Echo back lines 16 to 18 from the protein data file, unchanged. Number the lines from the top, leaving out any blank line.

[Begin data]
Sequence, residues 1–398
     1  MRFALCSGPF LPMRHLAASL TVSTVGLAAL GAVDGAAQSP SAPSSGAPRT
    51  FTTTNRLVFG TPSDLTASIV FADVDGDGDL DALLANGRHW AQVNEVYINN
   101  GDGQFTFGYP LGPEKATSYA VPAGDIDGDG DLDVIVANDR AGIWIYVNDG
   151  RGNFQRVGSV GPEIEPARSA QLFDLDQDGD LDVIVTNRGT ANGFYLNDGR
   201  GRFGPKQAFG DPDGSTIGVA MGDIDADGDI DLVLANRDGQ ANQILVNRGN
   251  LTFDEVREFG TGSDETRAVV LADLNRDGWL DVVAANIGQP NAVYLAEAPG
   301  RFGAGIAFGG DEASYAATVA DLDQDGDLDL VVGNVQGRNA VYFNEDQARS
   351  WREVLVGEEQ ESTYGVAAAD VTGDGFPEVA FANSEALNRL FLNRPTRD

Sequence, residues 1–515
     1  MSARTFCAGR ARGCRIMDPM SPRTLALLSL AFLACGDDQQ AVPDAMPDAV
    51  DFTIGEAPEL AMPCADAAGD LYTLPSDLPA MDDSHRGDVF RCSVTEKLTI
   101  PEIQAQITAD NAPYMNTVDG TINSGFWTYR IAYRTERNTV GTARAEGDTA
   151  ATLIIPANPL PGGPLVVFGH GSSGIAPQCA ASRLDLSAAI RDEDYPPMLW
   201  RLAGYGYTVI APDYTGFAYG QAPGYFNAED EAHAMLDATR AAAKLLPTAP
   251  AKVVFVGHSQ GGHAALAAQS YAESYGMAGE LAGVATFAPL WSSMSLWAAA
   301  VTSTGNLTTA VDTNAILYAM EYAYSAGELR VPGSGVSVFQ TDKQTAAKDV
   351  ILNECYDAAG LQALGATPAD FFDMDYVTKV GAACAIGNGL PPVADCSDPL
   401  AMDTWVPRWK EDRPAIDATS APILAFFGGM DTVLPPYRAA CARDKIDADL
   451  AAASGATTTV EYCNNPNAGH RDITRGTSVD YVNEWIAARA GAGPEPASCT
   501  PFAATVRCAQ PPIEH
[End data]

   251  AKVVFVGHSQ GGHAALAAQS YAESYGMAGE LAGVATFAPL WSSMSLWAAA
   301  VTSTGNLTTA VDTNAILYAM EYAYSAGELR VPGSGVSVFQ TDKQTAAKDV
   351  ILNECYDAAG LQALGATPAD FFDMDYVTKV GAACAIGNGL PPVADCSDPL